Baghdad as Beirut
: Al-Jazeera draws parallels between multisectarian Lebanon and multisectarian Iraq — first to take pot shots, of course: at Israel for its involvement in Lebanon and at the U.S. for our involvement in Iraq. But once it gets that kneejerk pissyness over with, the story moves on to suggest the ways in which these two lands are or should be alike.
If the Iraqis govern themselves as they truly wish, it’s not hard to see them split up into their pre-colonial provinces: Mosul, Baghdad, and Basra roughly for Kurds, Suni, and Shiite. Nick Denton has suggested that should be the case (and I’d link to the post if he, like a normal blogger, had monthly archives so I could go hunting for it). The problem with that, it’s said, is that it will destabilize neighboring countries, particularly Turkey with its Kurdish minority. We’ve said we want to keep Iraq, even with its artificial ethnic lumping, together. The prayer is that the Iraqis can pull that off without Yugo-style war.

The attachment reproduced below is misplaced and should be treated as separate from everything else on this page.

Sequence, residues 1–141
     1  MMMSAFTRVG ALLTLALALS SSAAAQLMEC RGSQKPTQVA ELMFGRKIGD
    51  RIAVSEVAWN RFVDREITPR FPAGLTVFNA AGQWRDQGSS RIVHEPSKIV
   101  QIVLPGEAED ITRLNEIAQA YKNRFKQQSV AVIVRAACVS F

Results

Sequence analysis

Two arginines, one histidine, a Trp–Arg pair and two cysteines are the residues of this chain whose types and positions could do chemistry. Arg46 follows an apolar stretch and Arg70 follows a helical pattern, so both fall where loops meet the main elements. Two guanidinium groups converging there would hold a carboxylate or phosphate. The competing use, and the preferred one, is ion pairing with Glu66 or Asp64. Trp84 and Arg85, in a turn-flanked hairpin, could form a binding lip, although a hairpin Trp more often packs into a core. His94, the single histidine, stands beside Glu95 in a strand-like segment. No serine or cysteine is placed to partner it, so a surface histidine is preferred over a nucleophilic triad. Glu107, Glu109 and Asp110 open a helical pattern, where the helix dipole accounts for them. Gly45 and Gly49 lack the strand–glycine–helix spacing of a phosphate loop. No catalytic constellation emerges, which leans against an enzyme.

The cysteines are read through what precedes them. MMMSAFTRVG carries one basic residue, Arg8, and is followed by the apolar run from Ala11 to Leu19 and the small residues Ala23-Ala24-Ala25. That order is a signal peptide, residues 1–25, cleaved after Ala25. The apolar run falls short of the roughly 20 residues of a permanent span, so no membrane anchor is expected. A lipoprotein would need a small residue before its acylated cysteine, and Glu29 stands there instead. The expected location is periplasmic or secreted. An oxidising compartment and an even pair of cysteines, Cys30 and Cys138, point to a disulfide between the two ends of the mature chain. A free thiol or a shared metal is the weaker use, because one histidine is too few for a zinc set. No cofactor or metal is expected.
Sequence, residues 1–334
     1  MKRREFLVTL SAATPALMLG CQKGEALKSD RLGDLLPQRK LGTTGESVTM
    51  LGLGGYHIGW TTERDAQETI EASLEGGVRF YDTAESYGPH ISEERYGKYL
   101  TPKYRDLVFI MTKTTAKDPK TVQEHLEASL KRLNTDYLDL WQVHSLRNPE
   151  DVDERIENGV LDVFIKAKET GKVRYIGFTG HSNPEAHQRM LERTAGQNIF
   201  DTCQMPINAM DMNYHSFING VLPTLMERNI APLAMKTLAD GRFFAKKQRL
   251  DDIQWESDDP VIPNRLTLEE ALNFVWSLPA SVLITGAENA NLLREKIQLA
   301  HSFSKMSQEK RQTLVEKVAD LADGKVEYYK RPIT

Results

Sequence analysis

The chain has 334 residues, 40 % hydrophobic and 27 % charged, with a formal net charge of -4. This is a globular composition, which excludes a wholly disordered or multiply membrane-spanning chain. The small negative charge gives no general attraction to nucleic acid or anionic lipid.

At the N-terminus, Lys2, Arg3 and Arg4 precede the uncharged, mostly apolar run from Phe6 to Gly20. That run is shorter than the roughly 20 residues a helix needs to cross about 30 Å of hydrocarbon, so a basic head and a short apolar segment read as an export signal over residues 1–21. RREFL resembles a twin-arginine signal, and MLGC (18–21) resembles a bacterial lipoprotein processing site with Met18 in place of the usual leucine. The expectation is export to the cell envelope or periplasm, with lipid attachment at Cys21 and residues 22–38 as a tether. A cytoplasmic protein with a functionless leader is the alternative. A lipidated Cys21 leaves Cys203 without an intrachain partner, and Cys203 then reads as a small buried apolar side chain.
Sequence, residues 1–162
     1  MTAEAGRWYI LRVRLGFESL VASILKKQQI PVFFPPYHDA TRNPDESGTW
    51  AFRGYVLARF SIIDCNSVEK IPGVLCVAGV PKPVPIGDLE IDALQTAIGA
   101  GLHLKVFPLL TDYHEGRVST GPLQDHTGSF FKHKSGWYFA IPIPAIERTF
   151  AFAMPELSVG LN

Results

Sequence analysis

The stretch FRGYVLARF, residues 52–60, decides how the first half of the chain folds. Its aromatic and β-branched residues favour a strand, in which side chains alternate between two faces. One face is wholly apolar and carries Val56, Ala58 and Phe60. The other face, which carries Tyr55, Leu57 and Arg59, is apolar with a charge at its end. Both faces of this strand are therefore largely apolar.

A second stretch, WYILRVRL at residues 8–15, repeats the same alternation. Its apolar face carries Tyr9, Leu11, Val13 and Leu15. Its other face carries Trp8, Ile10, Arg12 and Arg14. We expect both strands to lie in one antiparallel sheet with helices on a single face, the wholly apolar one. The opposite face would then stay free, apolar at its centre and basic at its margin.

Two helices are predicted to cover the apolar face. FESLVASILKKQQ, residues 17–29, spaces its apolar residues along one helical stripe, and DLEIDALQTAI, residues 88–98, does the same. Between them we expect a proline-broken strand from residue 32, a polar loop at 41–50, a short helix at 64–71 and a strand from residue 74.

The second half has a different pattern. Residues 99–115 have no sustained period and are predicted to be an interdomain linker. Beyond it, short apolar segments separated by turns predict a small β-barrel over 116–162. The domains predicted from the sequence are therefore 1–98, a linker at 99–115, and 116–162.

How? Al-Jazeera talks to Lebanese leaders:
Sayyed Hani Fahes, a Lebanese Shia Imam who was trained in Iraq,
also believes Lebanon is a valuable lesson to the world. Like any spiritual leader, Sayyed Fahes is a firm believer in the essential goodness of humankind. He believes a better kind of regime could emerge from Iraq